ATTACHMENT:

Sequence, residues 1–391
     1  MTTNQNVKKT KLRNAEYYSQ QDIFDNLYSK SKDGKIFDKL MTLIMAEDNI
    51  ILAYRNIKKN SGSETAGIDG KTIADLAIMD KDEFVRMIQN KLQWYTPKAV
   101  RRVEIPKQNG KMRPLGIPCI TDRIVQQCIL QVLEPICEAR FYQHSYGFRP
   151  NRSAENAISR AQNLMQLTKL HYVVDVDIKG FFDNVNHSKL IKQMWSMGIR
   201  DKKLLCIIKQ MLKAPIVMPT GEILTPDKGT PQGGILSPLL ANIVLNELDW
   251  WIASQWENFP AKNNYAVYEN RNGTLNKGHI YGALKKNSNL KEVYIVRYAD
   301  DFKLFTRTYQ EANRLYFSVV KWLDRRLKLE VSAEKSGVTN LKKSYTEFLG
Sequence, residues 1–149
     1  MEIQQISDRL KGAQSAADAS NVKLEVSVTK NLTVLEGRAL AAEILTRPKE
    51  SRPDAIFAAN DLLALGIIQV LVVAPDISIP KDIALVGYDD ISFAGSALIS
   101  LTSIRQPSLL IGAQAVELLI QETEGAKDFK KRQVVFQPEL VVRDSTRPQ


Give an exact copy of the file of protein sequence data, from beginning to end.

Sequence, residues 1–391
     1  MTTNQNVKKT KLRNAEYYSQ QDIFDNLYSK SKDGKIFDKL MTLIMAEDNI
    51  ILAYRNIKKN SGSETAGIDG KTIADLAIMD KDEFVRMIQN KLQWYTPKAV
   101  RRVEIPKQNG KMRPLGIPCI TDRIVQQCIL QVLEPICEAR FYQHSYGFRP
   151  NRSAENAISR AQNLMQLTKL HYVVDVDIKG FFDNVNHSKL IKQMWSMGIR
   201  DKKLLCIIKQ MLKAPIVMPT GEILTPDKGT PQGGILSPLL ANIVLNELDW
   251  WIASQWENFP AKNNYAVYEN RNGTLNKGHI YGALKKNSNL KEVYIVRYAD
   301  DFKLFTRTYQ EANRLYFSVV KWLDRRLKLE VSAEKSGVTN LKKSYTEFLG
Sequence, residues 1–149
     1  MEIQQISDRL KGAQSAADAS NVKLEVSVTK NLTVLEGRAL AAEILTRPKE
    51  SRPDAIFAAN DLLALGIIQV LVVAPDISIP KDIALVGYDD ISFAGSALIS
   101  LTSIRQPSLL IGAQAVELLI QETEGAKDFK KRQVVFQPEL VVRDSTRPQ